Regarding the second question, maybe I should break the code down a bit. It could have been done like this:

 

 

$('#result').on('click', 'a', function() {
    var url = $(this).attr('href');
    $('#result').load(url);
    return false;
}); 

 

The click handler has a special variable named this defined within it, and it refers to the element that was clicked. However, you can't use jQuery functions against it directly, you need to use the $(this) form. With that, the attr('href') is called, to get the URL the clicked link is pointing at. That URL is then given to load(). If "page.php" was used, any link within the loaded content would ever only point to page.php. Your original post suggests that the links could point to other pages as well. Even if they didn't, hardcoding the URL is not recommendable, when you can just make the link have a proper URL in its href and use it.


#1Ubik

Posted 09 May 2013 - 11:10 AM

The JavaScript comment was there to draw attention to how the selectors have changed between the examples.

 

In the original example there was $('#result a'), which would return the links within the #result element. The modified example was split into $('#result') which returns just the container element. The on() after it, used to bind the click handler, results with the handler being actually bound to the #result element. The second parameter to on() is just 'a', and acts as a second search filter that is executed against (or actually within) the results of the "regular" jQuery query earlier on the line that was used to find #result. It is the thing that makes sure the click handler you are binding to #result is actually only executed when a link in #result is being clicked.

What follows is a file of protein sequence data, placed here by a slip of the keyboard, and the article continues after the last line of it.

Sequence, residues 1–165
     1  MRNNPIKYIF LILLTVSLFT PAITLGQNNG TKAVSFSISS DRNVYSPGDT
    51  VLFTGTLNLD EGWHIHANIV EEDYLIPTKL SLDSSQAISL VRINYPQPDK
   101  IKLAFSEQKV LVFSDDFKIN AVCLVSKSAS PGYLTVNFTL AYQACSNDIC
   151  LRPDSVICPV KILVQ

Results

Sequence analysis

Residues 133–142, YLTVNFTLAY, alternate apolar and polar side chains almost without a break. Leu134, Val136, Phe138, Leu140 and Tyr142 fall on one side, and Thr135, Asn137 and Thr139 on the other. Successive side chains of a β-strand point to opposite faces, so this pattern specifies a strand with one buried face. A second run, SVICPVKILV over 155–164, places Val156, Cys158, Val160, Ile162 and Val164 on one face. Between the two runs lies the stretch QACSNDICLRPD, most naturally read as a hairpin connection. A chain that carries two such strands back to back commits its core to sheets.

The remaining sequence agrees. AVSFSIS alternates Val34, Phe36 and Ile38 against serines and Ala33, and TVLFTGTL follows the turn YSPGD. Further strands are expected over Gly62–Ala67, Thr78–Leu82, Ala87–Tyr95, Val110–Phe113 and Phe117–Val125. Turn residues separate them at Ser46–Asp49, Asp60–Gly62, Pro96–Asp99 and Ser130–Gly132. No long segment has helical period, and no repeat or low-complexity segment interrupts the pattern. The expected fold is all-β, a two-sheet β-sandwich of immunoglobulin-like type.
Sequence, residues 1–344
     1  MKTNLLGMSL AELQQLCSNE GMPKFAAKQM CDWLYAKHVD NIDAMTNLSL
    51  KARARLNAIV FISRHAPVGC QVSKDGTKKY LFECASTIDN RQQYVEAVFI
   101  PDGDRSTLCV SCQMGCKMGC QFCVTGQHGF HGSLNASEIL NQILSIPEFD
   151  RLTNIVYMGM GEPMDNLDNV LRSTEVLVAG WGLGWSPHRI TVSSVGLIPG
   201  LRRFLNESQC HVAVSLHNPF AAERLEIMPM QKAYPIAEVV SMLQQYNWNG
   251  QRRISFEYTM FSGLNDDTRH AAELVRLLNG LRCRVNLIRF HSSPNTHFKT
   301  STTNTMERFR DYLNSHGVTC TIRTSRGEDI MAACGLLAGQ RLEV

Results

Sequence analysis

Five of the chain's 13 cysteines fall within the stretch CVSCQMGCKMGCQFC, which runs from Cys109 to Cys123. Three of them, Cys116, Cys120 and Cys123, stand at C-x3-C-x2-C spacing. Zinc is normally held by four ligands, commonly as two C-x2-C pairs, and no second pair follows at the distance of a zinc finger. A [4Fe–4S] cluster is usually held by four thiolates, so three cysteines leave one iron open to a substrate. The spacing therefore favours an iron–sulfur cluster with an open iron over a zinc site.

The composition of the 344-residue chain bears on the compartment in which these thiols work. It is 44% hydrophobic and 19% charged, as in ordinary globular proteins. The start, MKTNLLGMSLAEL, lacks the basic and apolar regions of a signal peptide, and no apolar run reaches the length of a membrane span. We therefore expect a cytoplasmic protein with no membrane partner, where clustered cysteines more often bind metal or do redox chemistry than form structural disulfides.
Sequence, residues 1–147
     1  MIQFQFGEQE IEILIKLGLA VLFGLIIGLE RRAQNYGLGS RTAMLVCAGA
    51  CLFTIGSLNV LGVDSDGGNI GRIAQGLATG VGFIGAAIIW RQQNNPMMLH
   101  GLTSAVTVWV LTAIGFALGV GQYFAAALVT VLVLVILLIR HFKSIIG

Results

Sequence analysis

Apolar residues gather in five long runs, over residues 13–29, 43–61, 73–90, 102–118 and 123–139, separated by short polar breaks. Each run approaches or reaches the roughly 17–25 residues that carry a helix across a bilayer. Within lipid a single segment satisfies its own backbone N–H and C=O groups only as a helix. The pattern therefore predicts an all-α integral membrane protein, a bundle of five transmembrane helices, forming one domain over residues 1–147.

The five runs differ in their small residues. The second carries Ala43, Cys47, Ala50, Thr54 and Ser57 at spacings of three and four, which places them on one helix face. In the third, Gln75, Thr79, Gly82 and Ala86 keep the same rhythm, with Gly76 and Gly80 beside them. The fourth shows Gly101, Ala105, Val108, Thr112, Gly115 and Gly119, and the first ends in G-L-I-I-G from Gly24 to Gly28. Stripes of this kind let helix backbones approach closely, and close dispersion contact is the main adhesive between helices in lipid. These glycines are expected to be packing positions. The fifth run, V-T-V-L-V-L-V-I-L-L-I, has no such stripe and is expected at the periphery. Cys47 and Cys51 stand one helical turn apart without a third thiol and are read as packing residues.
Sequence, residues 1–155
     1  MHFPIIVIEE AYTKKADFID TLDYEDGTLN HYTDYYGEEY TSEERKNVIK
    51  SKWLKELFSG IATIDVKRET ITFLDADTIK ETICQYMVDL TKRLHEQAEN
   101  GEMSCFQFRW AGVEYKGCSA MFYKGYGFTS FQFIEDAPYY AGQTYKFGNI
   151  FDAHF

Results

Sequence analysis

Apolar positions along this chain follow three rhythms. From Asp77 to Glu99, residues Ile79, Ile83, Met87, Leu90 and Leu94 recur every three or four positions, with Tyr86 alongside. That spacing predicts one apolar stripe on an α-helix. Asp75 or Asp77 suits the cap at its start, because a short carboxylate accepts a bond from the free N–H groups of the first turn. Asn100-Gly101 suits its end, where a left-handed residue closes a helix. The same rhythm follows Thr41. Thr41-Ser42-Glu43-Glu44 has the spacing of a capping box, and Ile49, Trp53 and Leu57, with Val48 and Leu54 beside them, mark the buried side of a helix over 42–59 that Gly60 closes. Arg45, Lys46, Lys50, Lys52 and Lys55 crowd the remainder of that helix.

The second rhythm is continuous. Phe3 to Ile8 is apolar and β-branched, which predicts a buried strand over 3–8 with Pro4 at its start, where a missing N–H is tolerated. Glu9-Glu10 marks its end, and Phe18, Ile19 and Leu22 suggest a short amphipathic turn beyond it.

Regarding the second question, maybe I should break the code down a bit. It could have been done like this:

 

 

$('#result').on('click', 'a', function() {
    var url = $(this).attr('href');
    $('#result').load(url);
    return false;
}); 

 

The click handler has a special variable named this defined within it, and it refers to the element that was clicked. However, you can't use jQuery functions against it directly, you need to use the $(this) form. With that, the attr('href') is called, to get the URL the clicked link is pointing at. That URL is then given to load(). If "page.php" was used, any link within the loaded content would ever only point to page.php. Your original post suggests that the links could point to other pages as well. Even if they didn't, hardcoding the URL is not recommendable, when you can just make the link have a proper URL in its href and use it.